The Government’s International Education Strategy: what does it mean for the ELT sector?
29 March 2019

As a member of the Education Sector Advisory Group that helped to create the new International Education Strategy, English UK is pleased with the outcome which, for the first time, puts our sector at the heart of the UK's educational exports.

"UK education is punching above its weight, but below its potential. The sector tells us that they face a range of issues in increasing their international footprint… this Strategy is about meeting these challenges. At its heart is an ambition to increase the value of our education exports to £35 billion per year, and to students hosted in the UK to 600,000 per year, both by 2030," says the foreword, adding that the approach will recognise where the Government can best help and where the sector can take the lead.

The report, published by the Department for International Trade (DIT) and the Department for Education (DfE), recognises the breadth of the education sector. It talks about the benefits to the UK, including exports of almost £20 billion in 2016, a 73 per cent rise in transnational activities since 2010, soft power and global relationships. Although UK exports are growing, it says the international education sector needs to preserve its market share and the government will provide support "that only the government can give."

What are the government's main actions to support the education sector?

  1. Appoint an international education champion to spearhead activity, open opportunities, develop strong partnerships and help tackle challenges. This should be "a figurehead who understands the nuances and potential of the UK education offer, can develop long-term relationships with international governments, overseas stakeholders and is respected by the UK sector." They will lead and receive delegations, and report back to the sector on opportunities and progress in tackling barriers. The education champion's annual programme will be designed around priority regions with input from the Education Sector Advisory Group and the officials' International Education Steering Group. (To be completed by summer 2019)
  2. Ensure Education is GREAT promotes the breadth and diversity of the UK education offer, encouraging bids to the challenge fund this year. (To be completed by spring 2020)
  3. Continue to provide a welcoming environment for international students and develop an increasingly competitive offer. This includes improving the application process for international students and keeping the visa application process under review
  4. Establish a whole-of-government approach by creating formalised structures for co-ordination between government departments with an officials' steering group feeding into the Education Sector Advisory Group
  5. Provide a clearer picture of exports activity by improving the accuracy and coverage of annually published education exports data.

There will be annual updates to the strategy and there are specific actions for each sector.

What are the actions for ELT in the International Education Strategy?

The Department for International Trade will:

  • Work closely with the ELT sector, providing information to increase its involvement in exporting services and expertise. It will organise workshops to encourage providers to take advantage of export opportunities, provide training on bidding for project work and establishing overseas centres, and logistical planning to support this. (To be reviewed in spring 2020)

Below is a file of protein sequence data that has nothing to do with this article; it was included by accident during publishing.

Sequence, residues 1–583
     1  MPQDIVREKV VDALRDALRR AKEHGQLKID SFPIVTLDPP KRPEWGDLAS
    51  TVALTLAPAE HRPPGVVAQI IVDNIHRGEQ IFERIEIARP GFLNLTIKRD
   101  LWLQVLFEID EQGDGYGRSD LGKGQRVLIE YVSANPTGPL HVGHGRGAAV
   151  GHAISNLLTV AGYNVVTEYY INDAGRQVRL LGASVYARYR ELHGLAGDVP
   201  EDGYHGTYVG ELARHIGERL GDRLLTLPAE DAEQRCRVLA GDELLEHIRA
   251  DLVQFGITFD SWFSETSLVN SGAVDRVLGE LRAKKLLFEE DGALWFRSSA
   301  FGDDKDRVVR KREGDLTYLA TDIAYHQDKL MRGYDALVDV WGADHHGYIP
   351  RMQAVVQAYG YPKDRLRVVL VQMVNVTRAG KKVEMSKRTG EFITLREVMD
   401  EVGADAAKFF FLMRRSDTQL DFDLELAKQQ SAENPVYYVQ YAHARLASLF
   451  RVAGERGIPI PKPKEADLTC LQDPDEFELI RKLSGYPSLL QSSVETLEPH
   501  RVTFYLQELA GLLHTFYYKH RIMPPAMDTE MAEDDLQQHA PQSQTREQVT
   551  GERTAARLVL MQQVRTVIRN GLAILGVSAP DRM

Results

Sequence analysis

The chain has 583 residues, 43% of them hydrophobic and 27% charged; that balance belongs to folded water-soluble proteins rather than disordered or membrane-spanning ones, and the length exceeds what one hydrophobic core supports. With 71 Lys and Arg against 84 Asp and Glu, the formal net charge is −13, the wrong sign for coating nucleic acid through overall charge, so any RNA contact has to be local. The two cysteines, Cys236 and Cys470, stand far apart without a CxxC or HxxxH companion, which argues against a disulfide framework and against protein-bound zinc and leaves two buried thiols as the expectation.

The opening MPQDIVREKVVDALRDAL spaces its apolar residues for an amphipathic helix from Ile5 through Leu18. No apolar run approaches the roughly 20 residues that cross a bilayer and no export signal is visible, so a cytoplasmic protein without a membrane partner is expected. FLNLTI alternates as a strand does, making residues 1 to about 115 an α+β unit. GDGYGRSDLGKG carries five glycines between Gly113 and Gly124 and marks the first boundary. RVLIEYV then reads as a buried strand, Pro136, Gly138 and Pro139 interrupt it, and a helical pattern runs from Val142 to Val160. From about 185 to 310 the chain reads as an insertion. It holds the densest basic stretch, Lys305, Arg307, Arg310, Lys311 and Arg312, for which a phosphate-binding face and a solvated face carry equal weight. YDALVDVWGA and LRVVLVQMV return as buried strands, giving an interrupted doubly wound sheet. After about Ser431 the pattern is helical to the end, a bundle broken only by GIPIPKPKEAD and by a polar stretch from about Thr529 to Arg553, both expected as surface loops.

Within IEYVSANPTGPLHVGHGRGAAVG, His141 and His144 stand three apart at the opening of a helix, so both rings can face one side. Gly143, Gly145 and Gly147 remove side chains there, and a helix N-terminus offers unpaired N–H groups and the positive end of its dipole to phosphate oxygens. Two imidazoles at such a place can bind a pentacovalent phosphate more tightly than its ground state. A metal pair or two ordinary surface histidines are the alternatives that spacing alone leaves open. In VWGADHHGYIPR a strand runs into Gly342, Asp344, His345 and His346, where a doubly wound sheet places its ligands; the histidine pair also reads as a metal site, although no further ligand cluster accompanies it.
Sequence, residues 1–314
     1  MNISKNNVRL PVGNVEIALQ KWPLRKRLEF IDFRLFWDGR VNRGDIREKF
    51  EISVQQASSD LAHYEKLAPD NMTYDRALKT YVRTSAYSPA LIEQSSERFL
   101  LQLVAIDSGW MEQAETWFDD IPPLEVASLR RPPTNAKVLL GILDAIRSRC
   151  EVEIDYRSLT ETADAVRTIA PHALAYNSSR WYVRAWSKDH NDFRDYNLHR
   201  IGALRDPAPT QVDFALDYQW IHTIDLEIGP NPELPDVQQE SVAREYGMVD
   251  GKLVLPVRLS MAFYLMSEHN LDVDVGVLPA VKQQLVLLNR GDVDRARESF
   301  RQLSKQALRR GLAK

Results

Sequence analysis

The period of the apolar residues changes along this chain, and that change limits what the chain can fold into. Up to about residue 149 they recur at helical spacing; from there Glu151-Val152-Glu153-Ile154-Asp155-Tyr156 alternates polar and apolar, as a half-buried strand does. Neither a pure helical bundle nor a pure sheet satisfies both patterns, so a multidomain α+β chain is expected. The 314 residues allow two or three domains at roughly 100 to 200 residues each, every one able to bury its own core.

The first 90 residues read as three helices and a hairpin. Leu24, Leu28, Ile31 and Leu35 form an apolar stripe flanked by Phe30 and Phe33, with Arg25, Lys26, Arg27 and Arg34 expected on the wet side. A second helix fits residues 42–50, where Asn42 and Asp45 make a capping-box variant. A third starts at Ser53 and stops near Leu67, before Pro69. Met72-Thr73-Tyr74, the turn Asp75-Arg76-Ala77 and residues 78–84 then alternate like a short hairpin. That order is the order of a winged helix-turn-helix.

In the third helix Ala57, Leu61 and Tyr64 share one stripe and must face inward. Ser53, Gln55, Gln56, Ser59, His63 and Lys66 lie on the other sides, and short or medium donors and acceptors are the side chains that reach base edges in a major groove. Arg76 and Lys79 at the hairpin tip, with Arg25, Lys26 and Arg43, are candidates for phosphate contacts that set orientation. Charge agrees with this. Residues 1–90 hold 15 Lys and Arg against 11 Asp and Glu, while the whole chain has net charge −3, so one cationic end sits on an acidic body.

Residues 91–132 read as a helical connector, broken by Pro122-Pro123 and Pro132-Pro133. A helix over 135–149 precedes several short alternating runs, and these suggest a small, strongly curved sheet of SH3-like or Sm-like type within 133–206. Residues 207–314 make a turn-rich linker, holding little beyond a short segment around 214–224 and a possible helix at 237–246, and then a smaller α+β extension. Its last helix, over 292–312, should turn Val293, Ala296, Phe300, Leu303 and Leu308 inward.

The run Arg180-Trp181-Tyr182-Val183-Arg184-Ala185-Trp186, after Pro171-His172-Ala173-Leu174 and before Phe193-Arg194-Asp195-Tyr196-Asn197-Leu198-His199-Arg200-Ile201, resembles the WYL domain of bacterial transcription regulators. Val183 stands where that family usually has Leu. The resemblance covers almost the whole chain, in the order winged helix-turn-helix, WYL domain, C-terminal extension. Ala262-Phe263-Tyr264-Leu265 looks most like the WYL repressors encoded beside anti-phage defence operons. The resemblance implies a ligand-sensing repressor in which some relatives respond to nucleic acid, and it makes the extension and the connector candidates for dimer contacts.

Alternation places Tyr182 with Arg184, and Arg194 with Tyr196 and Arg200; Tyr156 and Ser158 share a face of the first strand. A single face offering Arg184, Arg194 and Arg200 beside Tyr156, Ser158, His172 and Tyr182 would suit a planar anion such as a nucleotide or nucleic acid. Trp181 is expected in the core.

• Inform the UK ELT sector of global opportunities linked to other industries and ensure providers can take part in a broader range of DIT-led activity where ELT could play a more prominent role. From 2019 there will be webinars and workshops to share sector best practice and identify large-scale international projects run by other UK exporters that require skills and training, which can be supported by language training. (To be reviewed in spring 2020)
  • Utilise our exports pipeline database to exploit opportunities overseas for promoting the English language and the UK ELT sector as valuable contributors to individual and national prosperity. There will be joint webinars between the DIT and the British Council to raise awareness of the ELT offer for the benefit of the UK education sector. (To be reviewed in spring 2020).

Which are priority markets in the International Education Strategy?

The strategy will focus on markets with the largest potential for UK education providers, UK capability and the government's wider strategic stability, prosperity and security objectives. As education is not like other exports, the Government has also emphasised feedback from the sector, market intelligence and the experience of existing UK exporters.

Four high-value campaign regions have been identified:

  • China and Hong Kong
  • The Middle East and North Africa
  • Latin America
  • The Association of Southeast Asian Nations (ASEAN) nations

Accessing these markets can be difficult without government support.

The strategy also identifies potential growth regions which might become priority regions. These include Kenya, Nigeria and South Africa, Central Asia, the European Union and the United States, Australia and Canada.

How will the International Education Strategy be implemented and developed?

The Education Sector Advisory Group, on which English UK sits, will be enhanced to implement the strategy, identify new opportunities and work jointly to identify solutions to challenges. Co-chaired by the DIT and DfE, it will be supported by a cross-government senior official level International Education Steering Group. This will also be jointly chaired by the two departments and include representation from other government departments, including the Home Office.

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